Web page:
Arts & Entertainment
3 min

Saye, Saye, Saye what you want

Poet, spoken word and rap artist Saye Sky wins inaugural Telus Award

Saye Sky is making waves internationally through her music and activism on behalf of the oppressed in her home country of Iran. Credit: Angie Arand

“In Iran, we don’t have homosexuals like in your country. In Iran, we do not have this phenomenon. I don’t know who has told you we have that.”

When ex-Iranian President Mahmoud Ahmadinejad spewed forth those words during his disastrous 2007 speaking tour of the United States, it confirmed what many of us had long feared for our brothers and sisters in the Middle East. Not only were these women and men being hunted, tortured, imprisoned and executed, but apparently their very existence was to be obliterated from the country of their birth.

To imagine living under such horrific conditions is nearly impossible here in relatively tolerant Canadian society. It would be easy to shy away from these disheartening stories were it not for the brave queer voices shouting above the homophobic din.

Saye Sky is one of those voices. This astonishingly talented poet, spoken word and rap artist is making waves internationally with both her music and her activism on behalf of the oppressed in her home country of Iran.

Sky was just 13 years old when she began writing about the rights of women, children and the LGBT community — a veritable trifecta of punishable offences in a land ruled by men.

In 2009 she released her first single, a blistering song about lesbian rights in Iran called “Shadow of an Iranian Woman.” Of course, this didn’t go over well with authorities, forcing her to seek refuge in Turkey before she was finally granted asylum here in Canada.

“I didn’t want to leave Iran,” says Sky, who now makes her home in Toronto. “I had a girlfriend from Vancouver who was supposed to come and live with me, but everything changed after I released my first song.”

Until then, Sky had enjoyed a relatively safe life as a university student in her home city of Tehran. It was there that she took her first steps out of the closet and found that there were others who bucked Iran’s official position on homosexuality.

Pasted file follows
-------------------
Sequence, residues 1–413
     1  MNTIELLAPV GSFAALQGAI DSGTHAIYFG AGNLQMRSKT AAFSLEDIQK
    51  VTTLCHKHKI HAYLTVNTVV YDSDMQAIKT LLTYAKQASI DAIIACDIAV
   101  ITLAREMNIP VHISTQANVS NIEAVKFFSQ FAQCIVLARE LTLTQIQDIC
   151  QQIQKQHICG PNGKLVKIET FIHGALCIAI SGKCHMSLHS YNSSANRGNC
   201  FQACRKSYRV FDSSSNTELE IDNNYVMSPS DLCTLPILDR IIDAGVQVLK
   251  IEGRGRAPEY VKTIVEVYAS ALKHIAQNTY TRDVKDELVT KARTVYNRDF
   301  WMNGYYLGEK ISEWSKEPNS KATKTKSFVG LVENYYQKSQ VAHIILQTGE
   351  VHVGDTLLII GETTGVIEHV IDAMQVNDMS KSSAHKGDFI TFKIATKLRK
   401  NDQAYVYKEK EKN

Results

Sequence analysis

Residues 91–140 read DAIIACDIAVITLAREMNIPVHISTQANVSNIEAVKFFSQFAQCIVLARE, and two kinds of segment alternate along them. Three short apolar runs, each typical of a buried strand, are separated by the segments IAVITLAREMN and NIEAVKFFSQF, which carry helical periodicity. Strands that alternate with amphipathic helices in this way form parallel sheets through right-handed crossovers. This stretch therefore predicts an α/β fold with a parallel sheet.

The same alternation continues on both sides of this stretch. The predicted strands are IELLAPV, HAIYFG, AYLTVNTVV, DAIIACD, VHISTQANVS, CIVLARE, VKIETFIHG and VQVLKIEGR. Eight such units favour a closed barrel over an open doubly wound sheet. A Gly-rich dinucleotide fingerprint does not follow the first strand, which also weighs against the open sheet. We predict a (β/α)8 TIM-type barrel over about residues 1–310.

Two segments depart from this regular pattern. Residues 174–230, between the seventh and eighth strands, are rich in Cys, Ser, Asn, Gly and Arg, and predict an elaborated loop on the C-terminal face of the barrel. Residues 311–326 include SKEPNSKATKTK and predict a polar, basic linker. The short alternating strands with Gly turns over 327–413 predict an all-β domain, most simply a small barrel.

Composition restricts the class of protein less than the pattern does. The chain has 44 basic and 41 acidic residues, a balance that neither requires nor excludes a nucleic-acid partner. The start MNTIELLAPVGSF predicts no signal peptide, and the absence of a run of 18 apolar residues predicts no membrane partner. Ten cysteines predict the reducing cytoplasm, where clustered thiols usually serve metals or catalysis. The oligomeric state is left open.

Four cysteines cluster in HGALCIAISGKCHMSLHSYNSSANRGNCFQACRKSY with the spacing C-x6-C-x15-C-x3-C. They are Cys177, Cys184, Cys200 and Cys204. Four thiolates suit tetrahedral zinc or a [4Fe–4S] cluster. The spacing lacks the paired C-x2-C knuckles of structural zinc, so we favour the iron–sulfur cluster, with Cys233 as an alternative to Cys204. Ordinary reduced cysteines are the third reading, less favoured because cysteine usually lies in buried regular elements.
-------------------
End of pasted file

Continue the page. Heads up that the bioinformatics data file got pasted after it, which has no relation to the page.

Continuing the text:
“When I was in university we had a lot of lesbians, and no one would care or say anything. But in the older generation you never hear about it, like it doesn’t exist. In every single family there’s someone who’s gay, woman or man. The LGBT population in Iran is extremely high, and it’s so funny that the government says there are no lesbians or gays or transgender in Iran. It’s so ridiculously funny.”

Sadly, Sky’s parents weren’t as supportive as her university friends. Her mother and father remained clueless until Sky took the final step of publicly stating her sexuality. In front of a camera.

“I came out on TV,” she says. “There is a program called VOA Persian. It is so famous in Iran, and everyone watches it. It was the first time somebody showed up as a homosexual. I’m pretty sure they saw it.”

She’s had no contact with her parents since leaving in 2009, something that makes her sad despite the dramatic improvement in her personal safety.

“You have to sacrifice to get something more important and bigger in your life, and I sacrificed a lot for my freedom. Now I have the microphone in my hand, and I’m so free. When I go to bed I’m not afraid of any noise. I’m not afraid of the government any more and I can sleep at night.”

Sky was recently awarded the inaugural Telus Newcomer Artist Award, a distinction that recognizes her work both as an artist and an activist. The prize was $10,000, but for Sky the real reward was in the validation and increased visibility of her work.

“I think I want to be a role model for a lot of girls who live in the Middle East,” she says. “Those countries where women are so oppressed and they’ve been told they can’t do anything.

“The freedom that I have here is priceless, absolutely priceless. I can walk on the street holding my girlfriend’s hand, and no one would care. I’m not afraid any more.”